Sorption of Imidacloprid on Soil Clay Mineral and Organic Components
- L. Cox,
- W. C. Koskinen ,
- R. Celis,
- M. C. Hermosin,
- J. Cornejo and
- P. Y. Yen
Dep. of Soil, Water and Climate, Univ. of Minnesota, St. Paul, MN 55108
USDA-ARS Soil and Water Management Research Unit, 1991 Upper Buford Cir., Rm. 439, St. Paul, MN 55108
Instituto de Recursos Naturales y Agrobiologia de Sevilla, CSIC, P.O. Box 1052, 41080 Seville, Spain
Bayer Corporation, 17745 South Metcalf, Stilwell, KS 66085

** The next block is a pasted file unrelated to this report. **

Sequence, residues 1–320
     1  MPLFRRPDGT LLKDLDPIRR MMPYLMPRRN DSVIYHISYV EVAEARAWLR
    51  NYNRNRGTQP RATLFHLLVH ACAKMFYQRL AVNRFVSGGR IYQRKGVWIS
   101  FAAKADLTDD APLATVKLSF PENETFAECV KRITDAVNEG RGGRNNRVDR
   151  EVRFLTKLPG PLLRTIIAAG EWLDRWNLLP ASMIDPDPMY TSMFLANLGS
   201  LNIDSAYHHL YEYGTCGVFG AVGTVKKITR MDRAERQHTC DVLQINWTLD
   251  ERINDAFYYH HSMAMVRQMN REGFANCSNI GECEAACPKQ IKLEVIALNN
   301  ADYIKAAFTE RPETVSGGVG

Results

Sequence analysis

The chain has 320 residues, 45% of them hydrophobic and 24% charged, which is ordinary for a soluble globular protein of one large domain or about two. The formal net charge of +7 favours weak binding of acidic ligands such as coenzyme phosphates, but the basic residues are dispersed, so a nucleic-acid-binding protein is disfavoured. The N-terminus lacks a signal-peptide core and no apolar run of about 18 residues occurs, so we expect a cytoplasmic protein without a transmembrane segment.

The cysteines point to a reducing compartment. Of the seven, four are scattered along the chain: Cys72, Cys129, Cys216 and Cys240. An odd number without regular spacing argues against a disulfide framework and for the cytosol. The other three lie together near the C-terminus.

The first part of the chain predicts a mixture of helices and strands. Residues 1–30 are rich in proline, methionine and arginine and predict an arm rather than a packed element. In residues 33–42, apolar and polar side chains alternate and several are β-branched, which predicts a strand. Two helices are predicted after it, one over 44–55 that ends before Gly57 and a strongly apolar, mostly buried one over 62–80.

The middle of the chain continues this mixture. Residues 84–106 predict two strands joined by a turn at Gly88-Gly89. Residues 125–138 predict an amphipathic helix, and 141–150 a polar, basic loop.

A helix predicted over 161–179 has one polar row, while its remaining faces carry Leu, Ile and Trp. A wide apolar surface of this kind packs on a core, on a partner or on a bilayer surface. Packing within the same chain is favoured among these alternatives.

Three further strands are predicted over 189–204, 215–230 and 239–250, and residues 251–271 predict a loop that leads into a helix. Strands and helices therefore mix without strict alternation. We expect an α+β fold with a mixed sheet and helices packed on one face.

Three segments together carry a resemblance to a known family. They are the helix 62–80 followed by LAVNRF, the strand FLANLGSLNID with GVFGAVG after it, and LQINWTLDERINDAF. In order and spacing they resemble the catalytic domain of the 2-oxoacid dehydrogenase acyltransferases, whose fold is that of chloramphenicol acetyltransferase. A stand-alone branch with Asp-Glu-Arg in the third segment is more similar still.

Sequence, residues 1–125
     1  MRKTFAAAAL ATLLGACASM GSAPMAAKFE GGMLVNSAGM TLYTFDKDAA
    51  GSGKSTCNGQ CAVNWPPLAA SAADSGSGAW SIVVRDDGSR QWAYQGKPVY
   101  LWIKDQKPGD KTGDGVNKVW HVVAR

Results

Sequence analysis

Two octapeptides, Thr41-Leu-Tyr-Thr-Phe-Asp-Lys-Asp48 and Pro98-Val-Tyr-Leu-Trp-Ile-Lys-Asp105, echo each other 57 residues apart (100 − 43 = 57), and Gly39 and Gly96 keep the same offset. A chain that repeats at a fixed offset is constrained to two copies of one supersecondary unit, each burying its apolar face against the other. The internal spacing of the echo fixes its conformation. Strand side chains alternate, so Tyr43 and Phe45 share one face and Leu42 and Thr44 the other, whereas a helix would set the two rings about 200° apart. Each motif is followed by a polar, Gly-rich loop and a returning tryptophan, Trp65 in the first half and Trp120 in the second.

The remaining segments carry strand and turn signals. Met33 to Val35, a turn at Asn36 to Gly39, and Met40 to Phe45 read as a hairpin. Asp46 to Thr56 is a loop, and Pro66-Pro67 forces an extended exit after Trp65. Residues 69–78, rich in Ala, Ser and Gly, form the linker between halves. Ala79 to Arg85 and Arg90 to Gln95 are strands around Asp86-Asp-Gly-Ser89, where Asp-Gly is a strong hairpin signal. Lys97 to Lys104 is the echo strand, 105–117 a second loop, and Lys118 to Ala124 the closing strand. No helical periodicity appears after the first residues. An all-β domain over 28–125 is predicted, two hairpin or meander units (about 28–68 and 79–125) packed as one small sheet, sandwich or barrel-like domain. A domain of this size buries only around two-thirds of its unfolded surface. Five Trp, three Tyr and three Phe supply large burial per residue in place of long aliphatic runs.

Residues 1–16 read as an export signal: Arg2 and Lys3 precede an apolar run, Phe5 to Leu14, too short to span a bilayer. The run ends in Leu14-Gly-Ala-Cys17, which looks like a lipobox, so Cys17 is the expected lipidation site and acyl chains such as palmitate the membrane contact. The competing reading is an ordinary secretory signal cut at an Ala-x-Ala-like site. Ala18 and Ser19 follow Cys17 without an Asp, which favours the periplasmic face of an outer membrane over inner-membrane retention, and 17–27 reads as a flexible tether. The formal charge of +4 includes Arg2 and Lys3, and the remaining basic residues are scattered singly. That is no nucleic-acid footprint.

Soil clay mineral and organic components have been shown to be responsible for sorption of many pesticides. This study assessed the influence of the different components of the clay fraction of five soils and model sorbents (montmorillonite, Fe oxide, and humic acid) and their binary and ternary associations on sorption of the insecticide imidacloprid (1-[(6-chloro-3-pyridinyl)-methyl]-N-nitro-2-imidazoli-dinimine). Sorption was very high on a clay fraction containing a high content of low-laminar-charge montmorillonite and relatively high organic C content. When organic matter of the soil clays was reduced by H2O2, sorption decreased; however, the sorption coefficient based on organic C (Koc) increased. The increase in Koc was greater on clays whose surface areas substantially increased after H2O2 treatment. This indicates a contribution of the surfaces of mineral components of the soil clay to sorption of imidacloprid. Imidacloprid sorbed on both montmorillonite and humic acid, whereas sorption on Fe oxide was very low. The sorption distribution coefficient, Kd, on montmorillonite increased from 15 to 180 when pH was decreased from 3.5 to 1.0, suggesting protonation of the -NH group of the imidazol ring. Sorption on binary and ternary associations of these model sorbents indicated that organic matter is the single most important component affecting sorption of imidacloprid, although there is some contribution of the mineral surfaces.Please view the pdf by using the Full Text (PDF) link under 'View' to the left.
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